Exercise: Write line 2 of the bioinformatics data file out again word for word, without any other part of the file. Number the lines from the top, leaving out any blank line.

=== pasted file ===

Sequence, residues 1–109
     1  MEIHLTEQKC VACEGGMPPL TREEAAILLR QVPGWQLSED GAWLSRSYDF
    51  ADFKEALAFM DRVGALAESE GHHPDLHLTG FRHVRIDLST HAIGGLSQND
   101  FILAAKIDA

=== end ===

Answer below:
     1  MEIHLTEQKC VACEGGMPPL TREEAAILLR QVPGWQLSED GAWLSRSYDF